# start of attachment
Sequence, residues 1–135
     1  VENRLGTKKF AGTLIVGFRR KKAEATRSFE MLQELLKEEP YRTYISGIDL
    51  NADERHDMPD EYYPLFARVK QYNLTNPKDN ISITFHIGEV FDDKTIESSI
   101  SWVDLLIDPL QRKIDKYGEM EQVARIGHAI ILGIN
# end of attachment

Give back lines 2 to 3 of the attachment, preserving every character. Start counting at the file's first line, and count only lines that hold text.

     1  VENRLGTKKF AGTLIVGFRR KKAEATRSFE MLQELLKEEP YRTYISGIDL
    51  NADERHDMPD EYYPLFARVK QYNLTNPKDN ISITFHIGEV FDDKTIESSI